The dictionary definition is-
“Gather (leftover grain or other produce) after the harvest.”
Then I looked up the word “glean” on bible hub and found this.
“The act of gathering after reapers” (usually reserved for the poor).
In Ruth 2:2-23, Ruth was gleaning in the field in order to provide for her and her mother-in-law, Naomi. Though gleaning is not the idle job, it was a noble job. In this season of Ruth’s life she just lost her husband and she is living in a new land. Instead of going home to what was familiar she decided to go to Judah with Naomi and to follow God.
When she got to Judah she went to the Boaz’s fields to glean hoping to get enough for her and Naomi to live off of. While the reapers took the majority of the harvest, those who glean took what was left over. Usually, the ones who glean are the poor or less fortunate. They have to set aside their pride and take what’s left. Essentially, they had to do what they had to do to survive.
Do you ever feel like you’re gleaning in the field while everyone else is reaping the rewards of the harvest? I sometimes feel like I am gleaning in the field doing work that is not as fun, rewarding or ideal. Some examples of this are:
- Working at a job that is not in your career field but it’s where God has you for a season
- Taking on two jobs for a season to help provide for a loved one
It appears that those people being blessed outwardly are the reapers and those who glean are in the field work hard for nothing. However, leftovers are blessings too. You don’t need a lot to experience God’s presence and grace. All He wants is all of you. But if those who glean are not aware it will seem like God is blessing everyone else but them. They will weigh them down and feel like a chore and they will not be grateful for their leftovers. If the person who gleans was not aware of the blessing God has in store, they will become discontent. They may be jealous of the reaper or try to do their own things to fix this season.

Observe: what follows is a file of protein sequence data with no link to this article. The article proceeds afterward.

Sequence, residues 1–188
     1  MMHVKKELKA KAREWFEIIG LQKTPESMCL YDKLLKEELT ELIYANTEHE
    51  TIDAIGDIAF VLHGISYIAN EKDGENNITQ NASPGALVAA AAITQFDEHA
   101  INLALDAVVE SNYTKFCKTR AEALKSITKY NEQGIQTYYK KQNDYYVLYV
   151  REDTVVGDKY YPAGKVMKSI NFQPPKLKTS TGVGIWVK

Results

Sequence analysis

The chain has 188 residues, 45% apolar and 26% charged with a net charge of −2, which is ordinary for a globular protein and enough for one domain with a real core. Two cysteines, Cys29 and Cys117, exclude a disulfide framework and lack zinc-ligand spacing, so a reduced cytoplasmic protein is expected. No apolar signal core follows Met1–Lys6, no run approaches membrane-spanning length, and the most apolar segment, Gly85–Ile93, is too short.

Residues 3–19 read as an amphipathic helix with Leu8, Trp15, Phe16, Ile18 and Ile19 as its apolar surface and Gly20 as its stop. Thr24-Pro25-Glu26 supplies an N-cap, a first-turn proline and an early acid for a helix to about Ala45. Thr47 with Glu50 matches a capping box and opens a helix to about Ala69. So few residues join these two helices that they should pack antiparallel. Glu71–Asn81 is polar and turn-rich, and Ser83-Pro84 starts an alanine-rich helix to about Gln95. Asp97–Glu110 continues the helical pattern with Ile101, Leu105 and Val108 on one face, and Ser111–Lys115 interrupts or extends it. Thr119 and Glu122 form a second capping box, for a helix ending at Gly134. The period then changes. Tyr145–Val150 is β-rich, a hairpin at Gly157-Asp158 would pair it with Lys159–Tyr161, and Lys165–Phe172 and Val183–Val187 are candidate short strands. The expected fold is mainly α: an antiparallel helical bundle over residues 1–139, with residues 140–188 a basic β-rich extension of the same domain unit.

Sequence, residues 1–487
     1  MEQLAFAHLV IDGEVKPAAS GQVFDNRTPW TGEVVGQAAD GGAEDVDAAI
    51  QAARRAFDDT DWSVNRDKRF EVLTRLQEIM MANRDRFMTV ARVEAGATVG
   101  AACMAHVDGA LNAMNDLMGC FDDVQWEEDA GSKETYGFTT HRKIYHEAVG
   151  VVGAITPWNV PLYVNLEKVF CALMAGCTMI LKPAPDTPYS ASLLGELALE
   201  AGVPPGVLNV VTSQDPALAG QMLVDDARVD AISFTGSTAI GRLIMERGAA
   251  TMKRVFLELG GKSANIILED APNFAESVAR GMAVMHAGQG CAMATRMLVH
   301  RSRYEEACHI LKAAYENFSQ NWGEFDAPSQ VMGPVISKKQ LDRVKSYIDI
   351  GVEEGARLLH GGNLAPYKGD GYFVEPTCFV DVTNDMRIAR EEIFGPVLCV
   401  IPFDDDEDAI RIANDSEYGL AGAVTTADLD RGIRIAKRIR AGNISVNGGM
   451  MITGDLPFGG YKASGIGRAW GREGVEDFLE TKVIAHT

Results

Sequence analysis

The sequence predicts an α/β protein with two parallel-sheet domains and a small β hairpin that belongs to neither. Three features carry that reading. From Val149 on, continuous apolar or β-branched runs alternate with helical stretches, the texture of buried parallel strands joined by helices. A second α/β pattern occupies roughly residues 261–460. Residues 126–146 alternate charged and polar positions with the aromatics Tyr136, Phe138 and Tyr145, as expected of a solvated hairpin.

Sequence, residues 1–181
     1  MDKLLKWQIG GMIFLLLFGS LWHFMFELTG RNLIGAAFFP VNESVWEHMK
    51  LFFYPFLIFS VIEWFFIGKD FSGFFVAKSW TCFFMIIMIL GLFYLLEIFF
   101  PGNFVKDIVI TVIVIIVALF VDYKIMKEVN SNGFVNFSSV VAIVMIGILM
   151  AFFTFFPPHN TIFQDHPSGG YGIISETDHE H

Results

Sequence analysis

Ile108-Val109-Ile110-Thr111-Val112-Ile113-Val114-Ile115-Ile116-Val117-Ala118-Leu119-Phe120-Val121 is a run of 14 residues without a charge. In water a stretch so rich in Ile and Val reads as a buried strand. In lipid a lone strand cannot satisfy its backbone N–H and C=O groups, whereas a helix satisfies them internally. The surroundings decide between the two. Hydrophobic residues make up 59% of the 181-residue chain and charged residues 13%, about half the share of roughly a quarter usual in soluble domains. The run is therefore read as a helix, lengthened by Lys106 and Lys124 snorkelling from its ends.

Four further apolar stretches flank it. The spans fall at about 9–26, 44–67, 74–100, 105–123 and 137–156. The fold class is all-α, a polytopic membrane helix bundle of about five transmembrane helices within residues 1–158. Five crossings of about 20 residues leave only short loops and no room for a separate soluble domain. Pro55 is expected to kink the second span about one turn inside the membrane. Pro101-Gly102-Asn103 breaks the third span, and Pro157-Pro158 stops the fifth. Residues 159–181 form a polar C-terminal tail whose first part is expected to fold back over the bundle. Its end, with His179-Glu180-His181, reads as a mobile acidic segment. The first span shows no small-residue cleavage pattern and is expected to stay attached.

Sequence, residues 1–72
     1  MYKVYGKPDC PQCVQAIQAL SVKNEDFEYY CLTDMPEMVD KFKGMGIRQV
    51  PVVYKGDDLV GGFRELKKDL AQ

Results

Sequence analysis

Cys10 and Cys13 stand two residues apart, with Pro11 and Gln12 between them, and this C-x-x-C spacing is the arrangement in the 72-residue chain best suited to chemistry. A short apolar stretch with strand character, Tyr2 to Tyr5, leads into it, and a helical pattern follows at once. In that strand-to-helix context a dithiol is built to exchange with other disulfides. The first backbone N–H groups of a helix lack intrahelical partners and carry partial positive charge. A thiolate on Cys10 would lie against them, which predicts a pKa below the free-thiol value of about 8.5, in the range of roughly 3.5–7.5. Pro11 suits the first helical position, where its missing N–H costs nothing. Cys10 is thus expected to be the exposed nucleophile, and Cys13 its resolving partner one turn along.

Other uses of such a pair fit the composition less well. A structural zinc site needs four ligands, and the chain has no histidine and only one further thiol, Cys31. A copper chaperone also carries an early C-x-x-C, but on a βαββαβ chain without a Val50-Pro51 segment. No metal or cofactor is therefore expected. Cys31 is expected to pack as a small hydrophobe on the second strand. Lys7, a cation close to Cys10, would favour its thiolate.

Then I had to remember gleaning was just a temporary season for Ruth and it will be for me too. Ruth had her eyes fixed on God not on the world. She did what she had to do to survive and praised God for what she had. She was a hard worker with a good work ethic. The harvest overseer noticed that and when Boaz asked, the overseer relayed Ruth’s reputation to Boaz. By chapter 4, Boaz asked Ruth to marry him and the rest is history.
So my sister in Christ, your blessing may not be a husband it may be a new job, promotion or new opportunity, but we must remember to remain encouraged and trust God in this season while we glean. We should not underestimate the power of God even in our season of gleaning. He has a master plan for your life. Trust him and don’t let pride get in the way of your blessing. Here are 3 steps to keep in mind while we glean.
1.) Follow Christ
Ruth 1: 16 “But Ruth replied, ‘Don’t ask me to leave you and turn back. Wherever you go, I will go; wherever you live, I will live. Your people will be my people, and your God will be my God.'”
2.) Work as if you are working for God and give praise to God for what you have.
Ruth 2: 6-7 “And the foreman replied, ‘She is the young woman from Moab who came back with Naomi. She asked me this morning if she could gather grain behind the harvesters. She has been hard at work ever since, except for a few minutes’ rest in the shelter.’”
Colossians 3:23 “Work willingly at whatever you do, as though you were working for the Lord rather than for people.”
3.) Your best is yet to come.
Jeremiah 29:11 “‘For I know the plans I have for you,’ says the Lord. ‘They are plans for good and not for disaster, to give you a future and a hope.'”
A woman at my job once told me, “Sometimes it’s best to bloom where you are planted. Work hard where you are and the rest will fall into place.”
So sis, no matter what season you’re in make sure you GLEAN!
By Patrice McKenzie
Photo Cred- Pexel and Lindsay Garvin